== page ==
Worse, the average temperature is 5848 K instead of the 6500 K we were looking for. We would also have preferred a gamma of 2.2 while the greyscale measurement gives us an average of 2.1. In short, we are disappointed and the general rendering makes working with Lightroom difficult. A shame for a device that is supposed to focus on on-board development.

That said, the viewfinder makes up for the color drift and seems more accurate. With a 6.22 Mpts Oled panel and a 0.74x magnification, it will be difficult to find better. The eyecup could have been better thought out, comfort having been sacrificed here on the altar of design, thus reducing the interest of its use.

For the photo part, the ergonomics is also refined, perhaps a little too much. In addition to the release button, two wheels are present for the management of the sensitivity and the exposure time, notched at half stop for the latter. A small button at the back allows to lock the point or the exposure.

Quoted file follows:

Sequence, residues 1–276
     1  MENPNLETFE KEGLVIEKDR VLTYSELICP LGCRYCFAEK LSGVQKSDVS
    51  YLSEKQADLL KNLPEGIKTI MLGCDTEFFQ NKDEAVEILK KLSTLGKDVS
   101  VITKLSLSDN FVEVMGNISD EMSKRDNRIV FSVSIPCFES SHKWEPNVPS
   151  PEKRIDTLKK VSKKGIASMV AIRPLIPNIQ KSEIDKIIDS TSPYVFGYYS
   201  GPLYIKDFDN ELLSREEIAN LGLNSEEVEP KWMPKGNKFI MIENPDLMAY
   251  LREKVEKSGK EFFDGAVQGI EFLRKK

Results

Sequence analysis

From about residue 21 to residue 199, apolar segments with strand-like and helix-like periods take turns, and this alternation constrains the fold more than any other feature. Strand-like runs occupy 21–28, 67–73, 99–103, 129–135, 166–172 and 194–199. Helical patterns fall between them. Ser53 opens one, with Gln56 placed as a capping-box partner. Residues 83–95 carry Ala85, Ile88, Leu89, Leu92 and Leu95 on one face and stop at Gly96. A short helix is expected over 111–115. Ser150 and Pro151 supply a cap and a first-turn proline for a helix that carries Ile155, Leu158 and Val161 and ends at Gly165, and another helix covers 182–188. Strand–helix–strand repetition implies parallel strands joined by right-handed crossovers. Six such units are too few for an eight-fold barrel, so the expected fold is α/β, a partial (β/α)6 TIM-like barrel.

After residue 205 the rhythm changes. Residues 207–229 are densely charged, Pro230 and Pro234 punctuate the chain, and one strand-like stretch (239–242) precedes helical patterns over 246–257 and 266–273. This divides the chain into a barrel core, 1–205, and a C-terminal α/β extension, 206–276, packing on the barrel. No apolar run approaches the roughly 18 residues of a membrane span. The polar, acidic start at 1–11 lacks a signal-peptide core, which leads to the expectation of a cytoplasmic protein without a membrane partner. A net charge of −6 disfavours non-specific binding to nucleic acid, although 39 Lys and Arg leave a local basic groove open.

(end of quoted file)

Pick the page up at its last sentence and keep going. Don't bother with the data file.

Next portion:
For the management of the aperture, a ring dedicated to the diaphragm and using the silicone finish of the handle is located on the lens. The automatic mode is positioned next to the largest aperture. We prefer that this setting is placed on the other side, near f/22, to avoid unintentional modification. We would also have liked it to be wider to make it easier to use blind. In addition, a focus ring with the same finish is not forgotten.




Modern interface

The list stops here concerning the control buttons. The sober and uncluttered look is well respected, but a simpler adjustment of the exposure compensation or an additional access to a setting of your choice would not have been too much. This is especially the case since Zeiss made some bold decisions on the touchscreen ergonomics of the ZX1 interface.